You may recall a lawsuit we wrote about last year, involving some questions about which parts of The Wizard of Oz movie were public domain, and which were still under copyright. It’s a bit confusing. The books are public domain, having first started being released in 1899. No doubt about that. But the movie, made in 1939, is still under copyright. And here’s the tricky part: which parts do the copyright cover? Technically, things directly from the book should be public domain — but any creative additions put into the movie (such as the ruby red slippers…) can be covered by copyright, and held by Warner Bros.
So, here’s the problem. Disney (not WB) has decided that it’s going to make a movie out of The Wizard of Oz — which it has titled Oz, the Great and Powerful. And it appears that WB wants to do everything possible to make life hellish for Disney if it moves forward on this plan. The first step? According to Eriq Gardner over at THResq, it was to quietly apply for a trademark on “The Great and Powerful Oz.” Note the similarity to what Disney has called its movie. Except, it turns out Disney was sitting pretty… having filed for a trademark on its version of the phrase/title… a week earlier. Thus, Disney has the lead here and WB’s application got tossed.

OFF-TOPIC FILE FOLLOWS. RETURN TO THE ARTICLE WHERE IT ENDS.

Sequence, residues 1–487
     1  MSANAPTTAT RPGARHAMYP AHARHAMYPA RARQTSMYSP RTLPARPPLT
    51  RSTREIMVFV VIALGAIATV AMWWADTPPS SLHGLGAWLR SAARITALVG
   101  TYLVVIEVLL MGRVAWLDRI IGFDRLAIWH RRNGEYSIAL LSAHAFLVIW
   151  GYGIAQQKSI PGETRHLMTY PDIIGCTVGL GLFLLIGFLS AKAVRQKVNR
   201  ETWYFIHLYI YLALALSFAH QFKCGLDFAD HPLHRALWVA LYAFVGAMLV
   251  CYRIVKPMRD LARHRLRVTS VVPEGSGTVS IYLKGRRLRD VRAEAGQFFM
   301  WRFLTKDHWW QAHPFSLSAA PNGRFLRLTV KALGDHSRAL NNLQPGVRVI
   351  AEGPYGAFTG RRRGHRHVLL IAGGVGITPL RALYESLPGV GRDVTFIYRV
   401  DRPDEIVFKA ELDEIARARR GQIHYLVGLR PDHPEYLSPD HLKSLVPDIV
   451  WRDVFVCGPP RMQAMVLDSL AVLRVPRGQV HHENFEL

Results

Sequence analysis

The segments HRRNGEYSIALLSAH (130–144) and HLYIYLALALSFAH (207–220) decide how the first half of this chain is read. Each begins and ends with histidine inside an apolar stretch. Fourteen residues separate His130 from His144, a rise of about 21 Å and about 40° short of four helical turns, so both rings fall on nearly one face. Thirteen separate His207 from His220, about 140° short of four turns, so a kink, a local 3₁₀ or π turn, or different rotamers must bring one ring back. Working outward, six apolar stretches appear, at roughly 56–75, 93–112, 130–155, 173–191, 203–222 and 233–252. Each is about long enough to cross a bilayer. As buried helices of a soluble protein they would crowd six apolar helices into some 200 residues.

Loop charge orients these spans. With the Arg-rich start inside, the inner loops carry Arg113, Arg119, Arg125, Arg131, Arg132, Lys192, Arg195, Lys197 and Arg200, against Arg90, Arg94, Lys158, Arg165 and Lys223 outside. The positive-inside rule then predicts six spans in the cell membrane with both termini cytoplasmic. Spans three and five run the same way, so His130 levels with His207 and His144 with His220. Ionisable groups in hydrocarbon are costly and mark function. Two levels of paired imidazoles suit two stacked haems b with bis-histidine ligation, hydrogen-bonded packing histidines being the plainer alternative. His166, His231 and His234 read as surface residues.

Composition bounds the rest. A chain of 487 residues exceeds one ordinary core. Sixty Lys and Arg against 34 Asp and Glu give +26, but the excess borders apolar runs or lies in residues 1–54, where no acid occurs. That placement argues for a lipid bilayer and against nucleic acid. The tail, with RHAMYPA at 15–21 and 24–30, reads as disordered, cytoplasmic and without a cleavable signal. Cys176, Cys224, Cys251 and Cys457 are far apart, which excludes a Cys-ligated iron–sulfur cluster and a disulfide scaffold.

The THResq piece questions if WB was planning to make wider use of trademark to try to prevent things like this from happening, avoiding the fact that the copyrights on the works have long gone into the public domain.
In the past year, Warners has been one of the most aggressive filers of oppositions at the USPTO’s Trademark Trial & Appeal Board. Especially over The Wizard of Oz.
For instance, the company has gone after potential merchandise associated with Dorothy of Oz, a $60 million-budgeted animation film scheduled to be released later this year by Summertime Entertainment.
Warners also has attacked registrations on a series of neuroscience books entitled “If I Only Had A Brain,” a restaurant called “Wicked ‘Wiches Wickedly Delicious Sandwiches,” a clothing line known as “Wizard of Azz,” Halloween costumes under the brand name “Wicked of Oz,” and dozens of other Oz-related marks.
It goes on to talk about one ongoing case in particular, concerning a company selling wines in Kansas that it’s named after aspects of the Wizard of Oz. The company is claiming (correctly) that the book is in the public domain. But WB is claiming it doesn’t matter, because public domain only applies to copyright.
While that case continues, you can bet that WB won’t let Disney just go ahead and make this movie without putting up a bigger fight.